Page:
Thinking About Hardwood Flooring in Houston? You Must Avoid These 5 Top Mistakes
In previous blog entries, we discussed the difference between engineered and solid Hardwood floors. Today, we will share with you the top 5 mistakes people make when choosing hardwood flooring in Houston. We encounter these common problems while providing solutions to our customers. Take them into consideration when you are planning your next project and make sure you get an expert for your installation.
- Considering that solid wood is better than engineered wood. Does engineered hardwood flooring have less quality than solid hardwood? Let’s debunk some myths. First, solid hardwood expands up to 12% from changes in moisture and temperature, while engineered hardwood expands only up to 1%. This expansion may cause problems when installation is not done under the proper conditions. We come across solid hardwood flooring in Houston that buckles, shows gaps and moves between summer and winter. Solid wood is mainly used when the sub-floor is wood or plywood and it is not exposed to significant changes in temperature and humidity.
Engineered wood, better called “enhanced” hardwood, has a top layer or veneer made of the same type of hardwood as a solid wood, the other layers below give them the structural stability. What is important is to choose a quality manufacturer that gives a good product from the top to the bottom layer. Engineered wood was created for the type of sub-floors in Houston. See next item.
- Glue-down Solid wood over concrete. Most sub-floors in Houston homes are made of concrete. Engineered hardwood was specifically created to be installed, glued down over concrete. We have come across installation of solid hardwood flooring in Houston glued down to concrete as a way to get “real” wood in the home. This is not recommended because the floor will expand and contract when exposed to the effects of moisture and temperature. With time, the floors will create gaps or buckle up. Engineered hardwoods are the right application over concrete.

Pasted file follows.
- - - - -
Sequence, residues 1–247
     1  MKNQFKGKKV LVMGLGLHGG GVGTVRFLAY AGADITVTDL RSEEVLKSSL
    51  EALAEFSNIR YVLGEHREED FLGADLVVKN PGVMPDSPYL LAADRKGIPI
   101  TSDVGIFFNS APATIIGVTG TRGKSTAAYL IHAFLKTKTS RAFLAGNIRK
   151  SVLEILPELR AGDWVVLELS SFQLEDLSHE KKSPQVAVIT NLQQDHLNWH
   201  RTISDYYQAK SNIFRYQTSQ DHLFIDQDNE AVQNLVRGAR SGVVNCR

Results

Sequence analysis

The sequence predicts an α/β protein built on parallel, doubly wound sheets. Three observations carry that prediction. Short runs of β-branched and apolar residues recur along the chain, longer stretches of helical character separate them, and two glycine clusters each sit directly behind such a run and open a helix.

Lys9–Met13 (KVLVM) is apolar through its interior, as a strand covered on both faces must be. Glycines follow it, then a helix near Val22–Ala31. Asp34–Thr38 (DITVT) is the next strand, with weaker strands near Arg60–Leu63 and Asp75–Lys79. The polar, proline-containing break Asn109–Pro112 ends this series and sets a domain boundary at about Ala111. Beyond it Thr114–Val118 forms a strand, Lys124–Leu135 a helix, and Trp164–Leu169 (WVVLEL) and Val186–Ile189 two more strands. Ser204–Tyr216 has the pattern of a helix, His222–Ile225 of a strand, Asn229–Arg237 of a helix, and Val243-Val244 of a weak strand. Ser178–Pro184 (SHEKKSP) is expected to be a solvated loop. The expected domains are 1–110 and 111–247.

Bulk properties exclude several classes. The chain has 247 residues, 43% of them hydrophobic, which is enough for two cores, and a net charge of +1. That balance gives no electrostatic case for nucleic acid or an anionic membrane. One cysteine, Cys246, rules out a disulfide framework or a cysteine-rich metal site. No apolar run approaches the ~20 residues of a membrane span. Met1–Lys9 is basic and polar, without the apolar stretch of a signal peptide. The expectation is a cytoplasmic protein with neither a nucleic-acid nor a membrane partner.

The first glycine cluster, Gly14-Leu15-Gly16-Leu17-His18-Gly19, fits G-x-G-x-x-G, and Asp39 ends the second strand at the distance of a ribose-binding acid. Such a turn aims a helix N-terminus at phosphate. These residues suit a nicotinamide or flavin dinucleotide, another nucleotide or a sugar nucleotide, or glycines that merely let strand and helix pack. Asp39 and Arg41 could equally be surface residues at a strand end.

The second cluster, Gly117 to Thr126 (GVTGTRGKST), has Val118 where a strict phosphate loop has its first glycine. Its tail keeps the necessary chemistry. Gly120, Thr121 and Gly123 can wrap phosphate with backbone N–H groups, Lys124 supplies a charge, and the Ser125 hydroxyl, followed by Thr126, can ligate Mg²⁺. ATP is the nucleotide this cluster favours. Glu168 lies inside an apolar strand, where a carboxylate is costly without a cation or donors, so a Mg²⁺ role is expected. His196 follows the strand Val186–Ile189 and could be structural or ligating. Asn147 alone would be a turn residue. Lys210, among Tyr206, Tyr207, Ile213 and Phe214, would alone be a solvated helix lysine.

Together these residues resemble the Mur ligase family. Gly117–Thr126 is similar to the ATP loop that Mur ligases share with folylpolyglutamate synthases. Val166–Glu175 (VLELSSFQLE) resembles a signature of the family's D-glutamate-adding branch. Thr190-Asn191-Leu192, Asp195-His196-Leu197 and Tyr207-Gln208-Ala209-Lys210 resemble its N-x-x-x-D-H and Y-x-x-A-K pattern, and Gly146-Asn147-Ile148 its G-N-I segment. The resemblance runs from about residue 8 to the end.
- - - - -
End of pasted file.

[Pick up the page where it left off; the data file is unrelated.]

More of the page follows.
However, solid wood can be installed over concrete with an additional investment required for moisture control with asphalt plus the installation plywood or 2”x4” boards.
- Reducing acclimation time: Before installing hardwood flooring in Houston and in most areas in the South, the product must be stored for minimum 48 hours under HVAC conditions of the place before the installation. Sometimes the wood is not given enough time to acclimate because of lack of planning or may be the homeowner wants to rush the project. This is very critical especially during summer days when the hardwood has been transported and stored under high humidity and high temperature. If there is not enough acclimation time before installation, the floor will shrink and show gaps.
- Leaving too narrow or no expansion gaps around the walls. Expansion gaps are spaces left around the perimeter of rooms; i.e., baseboards, columns. Wood expands and contracts by changes of moisture; therefore a space from 3/8” (for engineered) to 3/4” (for solid wood) is required to allow changes to the size of the planks. Although engineered wood does not changes as much as solid wood, it is still recommended to leave a gap; especially in upper floors, because the structure also moves.
- Preferring on-site site finished floors to pre-finished hardwood. Traditionally in Houston, there is a strong preference for sanding and staining at home rather than buying pre-finished hardwood floors. Let me be an advocate for pre-finished floors. At home, the only treatment for scratch protection is polyurethane, which means regular sanding and refinishes during the life of the floor. At the factory, quality manufacturers add Aluminum Oxide or Ceramics to significantly enhance the resilience of the floor. Also, the dust created by the sanding process may be an inconvenience, and the installation of prefinished products is clean.
Lastly, for the same quality, it is less expensive to buy a pre-finished floor than paying for the unfinished wood plus the labor of sanding, staining and finishing. Sanding at home is required when customers do not want to see bevel lines between boards, which are inherent in most pre-finished products.